Arts & Culture

RISD hosts short film festival

Show features range of animation techniques from hand drawn images to computer sophistry

By
Staff Writer
Wednesday, November 9, 2016

The Rhode Island School of Design hosted the 18th Annual Animation Show of Shows Saturday. The Show of Shows premiered Sept. 30 at the Cable Car Cinema.

The Show of Shows is a collection of 16 short animated videos curated by Ron Diamond, executive producer of Acme Filmworks, Inc. and co-founder and president of Animation World Network. These short films come from countries around the world, such as Latvia, Korea, Belgium, France, the United Kingdom, Israel, Russia, Canada, Norway and the United States.

The films were all unique. Some such as “Pearl” or “About a Mother” dealt with the themes of parenthood. These left a particularly bittersweet taste, as the viewer is confronted by the sweet sadness of a child growing up and moving away from home. Others were more humorous, such as the Korean “Afternoon Class” that gave epic proportions to a student’s struggle to stay awake during class. Some films were far darker, focusing on barbarity, suicide or the Norwegian concept of the Bøygen — “the formless obstacle,” as it was described by director Kristian Pederson.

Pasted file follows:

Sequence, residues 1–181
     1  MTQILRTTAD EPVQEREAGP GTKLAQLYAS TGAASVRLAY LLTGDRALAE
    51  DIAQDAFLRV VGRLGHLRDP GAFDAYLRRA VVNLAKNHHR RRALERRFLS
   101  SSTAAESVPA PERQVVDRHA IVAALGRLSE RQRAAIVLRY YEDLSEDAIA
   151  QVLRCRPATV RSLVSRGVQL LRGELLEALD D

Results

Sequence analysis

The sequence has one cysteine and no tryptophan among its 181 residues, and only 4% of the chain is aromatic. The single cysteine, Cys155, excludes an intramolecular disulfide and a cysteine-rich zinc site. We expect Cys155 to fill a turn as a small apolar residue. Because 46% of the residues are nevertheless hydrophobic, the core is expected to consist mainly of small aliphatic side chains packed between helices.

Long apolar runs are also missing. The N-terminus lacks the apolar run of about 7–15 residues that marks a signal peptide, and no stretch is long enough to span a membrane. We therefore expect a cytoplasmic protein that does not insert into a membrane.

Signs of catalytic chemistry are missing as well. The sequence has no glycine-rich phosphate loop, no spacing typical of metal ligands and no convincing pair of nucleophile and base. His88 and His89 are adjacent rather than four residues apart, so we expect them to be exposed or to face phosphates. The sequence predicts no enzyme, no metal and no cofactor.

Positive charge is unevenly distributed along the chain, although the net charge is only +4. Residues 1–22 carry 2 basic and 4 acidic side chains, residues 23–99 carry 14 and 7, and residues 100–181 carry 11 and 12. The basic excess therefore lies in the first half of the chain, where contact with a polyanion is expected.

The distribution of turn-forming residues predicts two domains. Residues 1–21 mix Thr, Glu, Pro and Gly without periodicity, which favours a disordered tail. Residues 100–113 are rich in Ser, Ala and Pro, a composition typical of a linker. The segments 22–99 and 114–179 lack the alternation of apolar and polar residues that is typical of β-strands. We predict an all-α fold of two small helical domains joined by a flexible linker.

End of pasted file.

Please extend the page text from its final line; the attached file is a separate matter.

In addition to covering a wide range of topics, the Show of Shows presented a wide range of techniques. “Our hope for seeing the animation is for you to be inspired,” Diamond said in a presentation before the show. He added that the level of technology often varies from what the viewer expects. “There are lots of different mediums that people can work with in animation, and it should be an inspiration for us all that we don’t need to kill ourselves to make great animation. A lot of work is done by individuals alone or in a small group.”

Some of the films used sophisticated computer animation technology to bring the characters to life, while others were entirely hand drawn. Some were black and white, while others were a burst of watercolors. Certain videos were productions from DreamWorks or Disney, while one was entirely drawn by a Russian art student as a final project.

A notable example of a breathtaking solo production was the work of Ainslie Henderson. “Stems” is Henderson’s celebration of stop-motion puppets. The puppets he created come to life before the viewer’s eyes and make music among themselves. Puppets have an “inherent sadness about them,” Hendersen says in a voice-over. “They have a tiny little life” that blooms before the viewer’s eyes.